With apologies to: Bill Belichick, Marvin Lewis, Mike Zimmer, Bruce Arians, Jay Gruden. You could argue for any of those guys and you wouldn’t get too loud an objection from me.
Defensive Player of the Year: J.J. Watt, Defensive End, Houston Texans
The best football player on Earth will make another addition to his infinitely expanding trophy shelf Saturday night. As awful as the Houston Texans have generally been to watch this season, there was one thing about them you could count on: Watt was going to be the best player on the field, no matter who they were playing. Watt’s production and effectiveness tailed off slightly toward the end of the season when he played with a broken hand in a cast, and it still makes no difference whatsoever. Watt played three games with one effective hand and still led the NFL in sacks with 17.5. For those who don’t like to use sacks and sacks alone as a measure of pass rushing effectiveness, Watt added to his 17.5 sacks with 50 QB knockdowns. How much better was that than everyone else in the League? Aaron Donald came in 2nd with 37. J.J. Watt is plainly not of us. He’s going to win this award every year or as long as he wants to.
With apologies to: NO ONE! This isn’t close! But, in the interest of congratulating players for very good seasons – Aaron Donald, Josh Norman, Luke Kuechly.
Offensive Player of the Year: Julio Jones, Wide Receiver, Atlanta Falcons
Unless a Quarterback topples a long-standing NFL record, this award is usually a place to honor a non-QB with the most impressive statistics. This award is very close because Julio Jones and Pittsburgh’s Antonio Brown have had remarkably close statistical seasons. That said, we’re giving Jones just the slightest edge for a few reasons. Brown’s team made the Playoffs and Jones’ didn’t. Brown found the end zone twice more than Jones did, but Jones had Brown beat in receptions in receiving yards. What really swings this in Jones’ favor, though, are two factors. First, Jones faced more double teams than any receiver in football this season according to Pro Football Focus. Second, Brown’s production dipped drastically with Ben Roethlisberger out of the lineup. Brown spent most of this season being thrown to by one of the NFL’s best quarterbacks. Jones piled up his numbers being targeted by one of 2015’s biggest disappointments in Matt Ryan. Advantage, Julio.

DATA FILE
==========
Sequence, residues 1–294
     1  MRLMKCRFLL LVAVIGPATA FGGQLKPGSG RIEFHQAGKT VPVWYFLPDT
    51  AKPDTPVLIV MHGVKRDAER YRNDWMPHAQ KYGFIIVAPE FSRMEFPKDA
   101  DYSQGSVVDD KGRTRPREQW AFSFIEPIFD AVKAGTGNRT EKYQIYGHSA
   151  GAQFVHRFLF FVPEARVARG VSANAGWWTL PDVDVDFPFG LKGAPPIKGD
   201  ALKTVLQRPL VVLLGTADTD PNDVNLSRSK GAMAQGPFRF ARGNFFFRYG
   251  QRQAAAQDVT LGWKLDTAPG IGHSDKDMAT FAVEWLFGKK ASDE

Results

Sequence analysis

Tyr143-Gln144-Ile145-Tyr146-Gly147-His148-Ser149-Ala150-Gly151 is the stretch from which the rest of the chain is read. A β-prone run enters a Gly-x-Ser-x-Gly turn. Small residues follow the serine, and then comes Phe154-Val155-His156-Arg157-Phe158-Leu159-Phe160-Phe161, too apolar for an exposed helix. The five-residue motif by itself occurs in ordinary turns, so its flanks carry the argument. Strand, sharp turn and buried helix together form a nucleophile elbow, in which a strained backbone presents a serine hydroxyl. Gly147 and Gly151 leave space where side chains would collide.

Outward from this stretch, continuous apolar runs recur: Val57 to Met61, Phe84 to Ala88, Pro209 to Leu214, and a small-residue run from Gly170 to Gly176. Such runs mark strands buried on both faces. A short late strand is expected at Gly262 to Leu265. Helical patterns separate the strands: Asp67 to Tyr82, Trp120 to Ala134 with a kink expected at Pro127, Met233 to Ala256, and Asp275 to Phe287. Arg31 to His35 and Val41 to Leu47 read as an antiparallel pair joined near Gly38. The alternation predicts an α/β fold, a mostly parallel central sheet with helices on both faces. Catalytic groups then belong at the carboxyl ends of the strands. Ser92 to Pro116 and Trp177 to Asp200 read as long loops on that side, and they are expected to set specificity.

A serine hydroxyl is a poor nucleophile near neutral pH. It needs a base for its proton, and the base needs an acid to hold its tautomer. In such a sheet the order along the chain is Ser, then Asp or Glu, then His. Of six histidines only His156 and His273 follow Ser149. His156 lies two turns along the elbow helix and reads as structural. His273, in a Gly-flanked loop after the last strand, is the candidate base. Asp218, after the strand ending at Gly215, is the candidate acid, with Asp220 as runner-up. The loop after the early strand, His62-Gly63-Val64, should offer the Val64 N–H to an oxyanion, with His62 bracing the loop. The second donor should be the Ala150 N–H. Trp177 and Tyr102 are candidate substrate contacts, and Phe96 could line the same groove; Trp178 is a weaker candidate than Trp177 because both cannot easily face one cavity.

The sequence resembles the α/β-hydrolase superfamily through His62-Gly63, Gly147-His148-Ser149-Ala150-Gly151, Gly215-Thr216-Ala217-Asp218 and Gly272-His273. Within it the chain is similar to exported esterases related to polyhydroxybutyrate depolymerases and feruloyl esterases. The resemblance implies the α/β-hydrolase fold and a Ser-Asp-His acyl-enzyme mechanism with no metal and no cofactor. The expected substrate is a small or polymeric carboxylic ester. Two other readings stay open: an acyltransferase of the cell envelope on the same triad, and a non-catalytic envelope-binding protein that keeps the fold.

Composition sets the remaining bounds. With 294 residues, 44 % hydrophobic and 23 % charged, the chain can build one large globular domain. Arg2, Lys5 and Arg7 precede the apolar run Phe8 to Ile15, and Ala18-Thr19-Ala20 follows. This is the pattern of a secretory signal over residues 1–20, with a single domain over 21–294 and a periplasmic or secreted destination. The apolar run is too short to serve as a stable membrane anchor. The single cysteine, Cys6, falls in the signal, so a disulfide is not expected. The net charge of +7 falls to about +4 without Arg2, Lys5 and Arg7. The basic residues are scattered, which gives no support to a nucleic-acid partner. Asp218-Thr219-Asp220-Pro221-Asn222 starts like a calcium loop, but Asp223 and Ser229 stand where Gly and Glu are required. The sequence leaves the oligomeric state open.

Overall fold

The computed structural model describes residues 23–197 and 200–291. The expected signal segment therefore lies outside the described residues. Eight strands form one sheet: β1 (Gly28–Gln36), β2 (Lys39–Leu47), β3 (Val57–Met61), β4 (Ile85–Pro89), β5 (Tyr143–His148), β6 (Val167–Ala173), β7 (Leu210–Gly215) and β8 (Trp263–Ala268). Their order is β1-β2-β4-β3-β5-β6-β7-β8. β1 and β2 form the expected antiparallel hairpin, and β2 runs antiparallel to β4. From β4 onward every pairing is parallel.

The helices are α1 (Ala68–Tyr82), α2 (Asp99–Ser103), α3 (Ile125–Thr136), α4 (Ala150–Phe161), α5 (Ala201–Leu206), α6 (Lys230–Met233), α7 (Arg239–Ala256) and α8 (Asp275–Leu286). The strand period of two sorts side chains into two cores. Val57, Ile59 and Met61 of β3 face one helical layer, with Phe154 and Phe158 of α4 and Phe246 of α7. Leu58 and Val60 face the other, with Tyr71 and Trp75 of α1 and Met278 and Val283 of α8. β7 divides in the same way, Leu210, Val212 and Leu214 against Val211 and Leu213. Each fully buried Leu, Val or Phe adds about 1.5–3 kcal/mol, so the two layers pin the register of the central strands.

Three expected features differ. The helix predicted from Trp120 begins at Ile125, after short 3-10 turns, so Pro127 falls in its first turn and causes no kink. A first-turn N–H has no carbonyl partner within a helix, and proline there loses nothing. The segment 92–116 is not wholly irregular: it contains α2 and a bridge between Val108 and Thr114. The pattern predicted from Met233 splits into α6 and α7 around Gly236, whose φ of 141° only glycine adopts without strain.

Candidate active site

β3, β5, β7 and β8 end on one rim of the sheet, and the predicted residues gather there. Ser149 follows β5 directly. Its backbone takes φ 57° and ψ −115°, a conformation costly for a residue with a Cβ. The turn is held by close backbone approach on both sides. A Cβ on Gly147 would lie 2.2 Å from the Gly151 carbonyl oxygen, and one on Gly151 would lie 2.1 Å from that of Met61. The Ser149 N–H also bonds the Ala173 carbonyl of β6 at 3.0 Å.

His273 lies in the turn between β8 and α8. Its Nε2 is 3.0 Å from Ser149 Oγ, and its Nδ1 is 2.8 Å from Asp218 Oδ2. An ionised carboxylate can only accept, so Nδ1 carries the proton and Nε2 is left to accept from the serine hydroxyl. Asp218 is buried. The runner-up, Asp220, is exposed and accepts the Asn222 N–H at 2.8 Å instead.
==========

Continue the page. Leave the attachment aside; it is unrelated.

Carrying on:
With apologies to: Antonio Brown, Russell Wilson (for a monstrous second half)
Most Valuable Player: Cam Newton, Quarterback, Carolina Panthers
My feelings on Cam Newton and the season he’s had are well-documented at this point, but they bear repeating for one reason: he is the obvious choice to receive this award. He’s the quarterback and the leader of the NFL’s best team of the regular season. He’s the first quarterback in history to pass for 30 touchdowns AND rush for 8. But he didn’t stop there and also became the first quarterback to throw for 35 and rush for 10. This has been the best season of his career by a clear mile and it’s the year that we saw him grow from mega-talent to mega-quarterback. It’s resulted in a magical season for Carolina and he has the chance to complete his remarkable season in the best possible way this Sunday. Completely leaving out his rampaging postseason and whatever result is to come on Sunday. 2015 was Cam’s season. Everyone else was just playing in it.
With apologies to: Tom Brady, Carson Palmer
Be sure to keep checking back to HBT all this week in the run-up to the Super Bowl’s Gold Anniversary.